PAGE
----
Stanford expands mental wellness resources with new, free benefit
Eligible employees now have access to Meru Health, in addition to the existing Stanford programs that offer professional counseling, wellness and healthy living activities.
Stanford has been long-known for its “culture of wellness,” and the circumstances of the past year have encouraged university leaders to further invest in employee programs that focus on mental well-being.
To ensure all employees have access to the support they need to thrive at work and in life, Stanford provides free short-term professional counseling through the Faculty Staff Help Center and free wellness services to benefits-eligible employees through BeWell. In addition, to help employees manage the impacts of the pandemic, the university recently introduced COVID Flex Hours, which provides up to 80 hours of paid time to address qualifying COVID-related needs. The policy also provides eligible employees with up to 24 hours of additional paid time to address self-care and personal wellness.
“The need for mental health services is very high right now,” said Rosan Gomperts, licensed clinical social worker and director of the Faculty Staff Help Center. Moreover, many employees enrolled in university-provided health plans are unable to receive the mental health services they need due to limited access and high out-of-network costs in the Bay Area. So Stanford Benefits, working in consultation with Gomperts and her team, have found another option.
Meru Health is an online mental wellness program that is now available for free to employees, and their adult dependents, who are enrolled in a university medical plan. This program is available to participants living in 24 states, with nationwide coverage becoming available mid-year 2021.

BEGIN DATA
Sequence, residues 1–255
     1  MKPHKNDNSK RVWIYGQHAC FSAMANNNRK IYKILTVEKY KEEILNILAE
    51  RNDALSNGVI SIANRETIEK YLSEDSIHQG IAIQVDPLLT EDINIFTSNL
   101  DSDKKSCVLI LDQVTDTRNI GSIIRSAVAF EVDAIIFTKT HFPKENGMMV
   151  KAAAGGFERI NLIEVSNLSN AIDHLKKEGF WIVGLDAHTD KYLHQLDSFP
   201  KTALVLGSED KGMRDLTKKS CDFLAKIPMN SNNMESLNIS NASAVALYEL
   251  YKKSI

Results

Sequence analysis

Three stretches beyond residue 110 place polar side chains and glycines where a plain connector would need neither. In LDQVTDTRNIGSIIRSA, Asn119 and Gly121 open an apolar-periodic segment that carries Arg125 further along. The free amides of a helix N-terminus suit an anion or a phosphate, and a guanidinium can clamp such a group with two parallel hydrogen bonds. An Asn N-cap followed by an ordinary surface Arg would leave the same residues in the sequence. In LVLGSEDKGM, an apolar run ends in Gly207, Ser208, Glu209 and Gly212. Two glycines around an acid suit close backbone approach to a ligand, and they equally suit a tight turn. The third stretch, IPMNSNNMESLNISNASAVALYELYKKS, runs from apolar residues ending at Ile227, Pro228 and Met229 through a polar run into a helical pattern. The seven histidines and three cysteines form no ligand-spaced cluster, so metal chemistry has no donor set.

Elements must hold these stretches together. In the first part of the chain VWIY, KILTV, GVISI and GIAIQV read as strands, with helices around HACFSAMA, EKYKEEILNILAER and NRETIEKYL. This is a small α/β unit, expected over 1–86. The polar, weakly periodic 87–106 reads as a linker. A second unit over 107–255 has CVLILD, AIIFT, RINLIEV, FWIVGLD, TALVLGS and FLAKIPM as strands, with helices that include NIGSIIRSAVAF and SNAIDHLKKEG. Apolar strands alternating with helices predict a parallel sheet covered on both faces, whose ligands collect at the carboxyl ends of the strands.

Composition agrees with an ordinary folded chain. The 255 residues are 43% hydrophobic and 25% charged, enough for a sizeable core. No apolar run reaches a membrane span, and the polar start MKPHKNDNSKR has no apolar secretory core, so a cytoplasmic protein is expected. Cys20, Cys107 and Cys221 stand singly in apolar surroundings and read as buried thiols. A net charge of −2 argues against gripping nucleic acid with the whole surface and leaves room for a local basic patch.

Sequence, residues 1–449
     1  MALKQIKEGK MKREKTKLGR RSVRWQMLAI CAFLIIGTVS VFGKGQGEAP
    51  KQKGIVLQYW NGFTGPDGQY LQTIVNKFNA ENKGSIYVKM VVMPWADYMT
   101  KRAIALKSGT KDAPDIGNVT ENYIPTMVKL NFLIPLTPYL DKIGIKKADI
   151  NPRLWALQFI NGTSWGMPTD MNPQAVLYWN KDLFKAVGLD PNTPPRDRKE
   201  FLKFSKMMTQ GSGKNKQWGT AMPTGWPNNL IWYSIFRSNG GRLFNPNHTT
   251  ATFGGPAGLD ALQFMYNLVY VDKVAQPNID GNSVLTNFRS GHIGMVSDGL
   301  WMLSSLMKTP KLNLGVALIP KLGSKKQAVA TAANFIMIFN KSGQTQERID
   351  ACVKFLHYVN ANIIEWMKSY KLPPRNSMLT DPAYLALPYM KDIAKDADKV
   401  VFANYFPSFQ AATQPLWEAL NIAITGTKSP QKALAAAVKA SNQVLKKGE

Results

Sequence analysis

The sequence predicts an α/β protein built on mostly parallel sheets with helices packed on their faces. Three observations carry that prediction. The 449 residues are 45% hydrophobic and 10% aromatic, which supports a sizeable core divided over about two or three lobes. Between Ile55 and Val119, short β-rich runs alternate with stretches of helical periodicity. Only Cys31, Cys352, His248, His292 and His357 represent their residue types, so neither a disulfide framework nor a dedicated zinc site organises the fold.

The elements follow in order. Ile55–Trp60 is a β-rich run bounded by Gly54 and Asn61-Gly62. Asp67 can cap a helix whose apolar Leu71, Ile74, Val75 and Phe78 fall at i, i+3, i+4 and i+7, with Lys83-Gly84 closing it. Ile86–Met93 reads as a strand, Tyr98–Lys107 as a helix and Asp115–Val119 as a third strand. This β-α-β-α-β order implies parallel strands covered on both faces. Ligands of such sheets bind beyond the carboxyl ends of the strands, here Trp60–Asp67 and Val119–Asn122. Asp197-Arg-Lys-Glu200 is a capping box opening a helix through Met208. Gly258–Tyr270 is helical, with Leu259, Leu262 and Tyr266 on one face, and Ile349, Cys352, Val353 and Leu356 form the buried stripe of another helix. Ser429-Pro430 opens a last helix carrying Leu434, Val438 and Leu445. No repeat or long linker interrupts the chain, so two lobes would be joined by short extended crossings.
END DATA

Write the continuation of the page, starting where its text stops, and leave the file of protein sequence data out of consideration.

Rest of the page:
How Meru Health works
Using a structured, mind/body approach, Meru Health helps participants reduce anxiety, depression and burnout through a 12-week, online program. The journey begins with a video session with a licensed therapist and access to a psychiatrist, if needed. The program includes easily accessible video lessons, mindfulness and biofeedback practices, an anonymous peer group (with participants outside of Stanford), chat-based therapy and activities for improving sleep, nutrition and more.
Participants can access the program from their mobile device, any time and anywhere. The program is HIPAA compliant and the information provided to Meru Health is not shared with Stanford or health care plans.
Improving mental health outcomes
Meru Health’s data shows the program has made a significant impact on reducing symptoms of depression, anxiety and burnout, with seven out of 10 participants reporting significant symptom reduction one year later.
“This type of platform can be really useful for the virtual world we are living in,” Gomperts said. “Meru Health helps to meet the need for mental health care by providing broad access to useful resources and professional support.”
Getting the help you need
“Especially now, there should be no stigma,” Gomperts added. Stanford leaders are working to normalize mental wellness by making more resources available to employees and encouraging everyone to find what works for them, including these programs:
- BeWell is an incentive program that provides free health services and activities to employees and their spouses/registered domestic partners.
- The Faculty Staff Help Center provides free, short-term professional counseling, workshops and discussion groups to employees and eligible family members.
- Meru Health provides a structured approach to mental wellness, accessible to eligible employees and their dependents right from their smartphones.
- Employees enrolled in some Stanford health plans have access to Teladoc for medical and mental health visits provided virtually.
One silver lining of the past year is that it has shined light on the broad need for mental health support. The culture of wellness at Stanford will only grow stronger as more employees take advantage of the programs available to them.